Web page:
When these symptoms persist for weeks and months after the original concussion occurs, they can have a tremendously negative impact on an individual’s quality of life. They can impede their ability to work, socialize, and even perform daily tasks, which is why individuals with PCS must seek medical attention from health care providers and request referrals for neuropsychological testing.

The Grades of a Concussion and Their Related Symptoms

PCS is caused by a concussion, which is a type of mild TBI. Depending on the severity of the injury and the symptoms exhibited, concussions are classified by a grading system, typically the same one used by the American Academy of Neurology (AAN). This system assigns concussions to one of the following three categories: 

  1. Grade 1: mild concussion. Symptoms of a mild concussion include dizziness, confusion, and headaches, but not a loss of consciousness. They typically last less than 15 minutes. Mild concussions may also cause temporary confusion, a dazed or foggy feeling, balance problems, light sensitivity, and similar impairments.
  1. Grade 2: moderate concussion. The symptoms of a moderate concussion are similar to those caused by a mild concussion but more severe and lasting more than 15 minutes. Related symptoms may include prolonged confusion, persistent headaches, amnesia, dizziness, difficulty concentrating, and nausea. 
  2. Grade 3: severe concussion. A severe concussion is characterized by a loss of consciousness, either briefly or for a prolonged period. Related symptoms include a severe headache, prolonged amnesia, nausea, vomiting, motor coordination problems, mood changes, confusion, and, in some cases, convulsions or seizures, pupil dilation, and difficulty recognizing people or places.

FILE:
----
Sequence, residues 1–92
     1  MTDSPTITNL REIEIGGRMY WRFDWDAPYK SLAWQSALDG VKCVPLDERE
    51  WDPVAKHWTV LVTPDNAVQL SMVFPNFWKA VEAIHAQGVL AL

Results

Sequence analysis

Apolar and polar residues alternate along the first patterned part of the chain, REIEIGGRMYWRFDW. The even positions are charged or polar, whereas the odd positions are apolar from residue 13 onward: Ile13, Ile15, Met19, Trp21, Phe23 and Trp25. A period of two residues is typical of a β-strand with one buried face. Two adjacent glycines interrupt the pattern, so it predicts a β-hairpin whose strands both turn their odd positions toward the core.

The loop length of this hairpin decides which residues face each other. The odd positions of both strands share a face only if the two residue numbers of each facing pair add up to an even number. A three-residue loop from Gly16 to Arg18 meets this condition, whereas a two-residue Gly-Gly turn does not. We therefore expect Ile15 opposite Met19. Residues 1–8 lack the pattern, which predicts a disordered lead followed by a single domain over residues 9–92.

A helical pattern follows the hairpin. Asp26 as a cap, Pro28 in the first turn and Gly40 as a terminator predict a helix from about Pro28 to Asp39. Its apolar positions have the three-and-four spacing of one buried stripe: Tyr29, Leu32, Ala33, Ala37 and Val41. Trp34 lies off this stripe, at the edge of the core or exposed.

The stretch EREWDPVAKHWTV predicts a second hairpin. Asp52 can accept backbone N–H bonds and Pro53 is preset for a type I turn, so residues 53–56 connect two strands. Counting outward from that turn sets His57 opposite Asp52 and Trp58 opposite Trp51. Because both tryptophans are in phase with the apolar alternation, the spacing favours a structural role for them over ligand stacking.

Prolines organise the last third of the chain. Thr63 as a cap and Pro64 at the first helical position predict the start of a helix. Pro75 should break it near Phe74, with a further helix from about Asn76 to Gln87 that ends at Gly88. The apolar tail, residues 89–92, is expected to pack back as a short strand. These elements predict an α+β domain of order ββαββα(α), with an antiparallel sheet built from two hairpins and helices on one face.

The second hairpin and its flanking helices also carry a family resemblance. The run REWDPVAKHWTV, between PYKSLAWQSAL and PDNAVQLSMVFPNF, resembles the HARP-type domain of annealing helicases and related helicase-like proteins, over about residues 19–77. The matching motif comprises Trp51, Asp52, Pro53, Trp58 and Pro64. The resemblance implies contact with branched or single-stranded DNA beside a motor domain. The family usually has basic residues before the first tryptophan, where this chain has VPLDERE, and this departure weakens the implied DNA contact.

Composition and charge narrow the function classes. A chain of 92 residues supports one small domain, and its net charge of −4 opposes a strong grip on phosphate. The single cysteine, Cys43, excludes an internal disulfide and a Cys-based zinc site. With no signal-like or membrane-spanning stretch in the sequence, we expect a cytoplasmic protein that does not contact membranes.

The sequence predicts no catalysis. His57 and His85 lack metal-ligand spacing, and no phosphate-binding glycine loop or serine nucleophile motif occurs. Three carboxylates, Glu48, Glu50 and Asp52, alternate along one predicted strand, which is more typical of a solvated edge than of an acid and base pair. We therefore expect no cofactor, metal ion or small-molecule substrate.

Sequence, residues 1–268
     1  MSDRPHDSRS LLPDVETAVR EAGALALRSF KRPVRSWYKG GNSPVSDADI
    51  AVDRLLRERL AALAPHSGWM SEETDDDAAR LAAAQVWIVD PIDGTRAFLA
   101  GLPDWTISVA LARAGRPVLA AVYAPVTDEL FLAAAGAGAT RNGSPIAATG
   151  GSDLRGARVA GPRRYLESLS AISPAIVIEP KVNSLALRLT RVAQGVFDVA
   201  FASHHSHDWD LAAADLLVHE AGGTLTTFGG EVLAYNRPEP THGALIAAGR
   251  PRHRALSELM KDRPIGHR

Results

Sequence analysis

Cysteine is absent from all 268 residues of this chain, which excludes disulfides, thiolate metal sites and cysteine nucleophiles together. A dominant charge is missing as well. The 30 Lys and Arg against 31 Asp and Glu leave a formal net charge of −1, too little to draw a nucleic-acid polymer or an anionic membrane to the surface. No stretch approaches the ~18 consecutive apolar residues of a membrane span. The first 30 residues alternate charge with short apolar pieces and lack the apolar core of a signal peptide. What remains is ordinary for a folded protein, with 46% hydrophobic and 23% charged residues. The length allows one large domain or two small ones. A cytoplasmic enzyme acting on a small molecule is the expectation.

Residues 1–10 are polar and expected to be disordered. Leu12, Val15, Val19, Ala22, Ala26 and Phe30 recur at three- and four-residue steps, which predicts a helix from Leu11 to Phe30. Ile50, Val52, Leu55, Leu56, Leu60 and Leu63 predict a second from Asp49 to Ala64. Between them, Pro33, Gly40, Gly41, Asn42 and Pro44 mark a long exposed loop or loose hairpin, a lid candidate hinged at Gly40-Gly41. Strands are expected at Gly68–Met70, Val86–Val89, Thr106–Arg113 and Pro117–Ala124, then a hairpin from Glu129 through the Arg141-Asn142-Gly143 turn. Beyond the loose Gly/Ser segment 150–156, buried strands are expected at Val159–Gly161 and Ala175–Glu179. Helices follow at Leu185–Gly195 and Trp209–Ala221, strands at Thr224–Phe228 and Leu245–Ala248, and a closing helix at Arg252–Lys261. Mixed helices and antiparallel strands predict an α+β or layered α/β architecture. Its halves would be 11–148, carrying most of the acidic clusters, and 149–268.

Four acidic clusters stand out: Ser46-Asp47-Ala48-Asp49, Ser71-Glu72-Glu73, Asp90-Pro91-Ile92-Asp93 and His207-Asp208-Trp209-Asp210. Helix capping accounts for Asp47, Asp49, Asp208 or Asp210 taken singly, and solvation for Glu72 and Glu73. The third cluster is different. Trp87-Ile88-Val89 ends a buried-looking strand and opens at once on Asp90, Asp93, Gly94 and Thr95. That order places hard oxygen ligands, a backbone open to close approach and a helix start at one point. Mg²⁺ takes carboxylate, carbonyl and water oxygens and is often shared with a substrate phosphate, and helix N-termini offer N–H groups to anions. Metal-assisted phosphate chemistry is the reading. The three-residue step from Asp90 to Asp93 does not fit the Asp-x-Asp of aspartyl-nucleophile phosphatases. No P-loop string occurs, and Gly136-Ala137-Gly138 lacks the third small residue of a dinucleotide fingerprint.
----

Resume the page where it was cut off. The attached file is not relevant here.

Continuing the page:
Any concussion, regardless of grade, can lead to PCS, as well as to abnormalities in brain function. It’s crucial for anyone who has suffered a concussion to seek immediate medical care from a healthcare professional.

Treating Post-Concussive Syndrome

When it comes to PCS, there is no one-size-fits-all treatment plan or cure. Treatment plans must be tailored to an individual’s specific symptoms and needs. However, there are a few commonly used strategies, including the following: 

  • Medical treatment. A medical professional may prescribe medications, such as pain relievers, antidepressants or anti-anxiety medications, and sleep aids, as well as physical therapy. 
  • Cognitive and psychological treatment. Treating PCS symptoms may require a combination of mental health treatments, including cognitive behavioral therapy (CBT), neuropsychological rehabilitation, and counseling or psychotherapy.
  • Lifestyle modifications. Individuals suffering from PCS may benefit from lifestyle modifications such as adequate rest, a gradual return to physical activity, healthy lifestyle and diet choices, and better sleep hygiene. 
  • Environmental and social support. People with PCS typically benefit from additional environmental and social support, including work and school accommodations and support groups. 
  • Follow-up monitoring. Individuals with PCS need regular medical follow-ups to assess progress and adjust treatment plans as needed, as well as a coordinated approach between primary care physicians and specialists. 

Although these specific treatment options can go a long way in treating the common symptoms of post concussion syndrome, they don’t do anything to address the economic losses suffered by individuals with PCS. Fortunately, an experienced personal injury attorney can assess your situation and help you navigate your legal options for compensation. 

Delfino, Green & Green: Trusted Post Concussion Syndrome Attorneys in California

If you developed PCS after being involved in an accident caused by someone else, you may be entitled to compensation for a range of economic and non-economic losses. The best way to explore your options is by contacting a trusted personal injury law firm like Delfino, Green & Green. Ready to get started? Schedule a free case evaluation today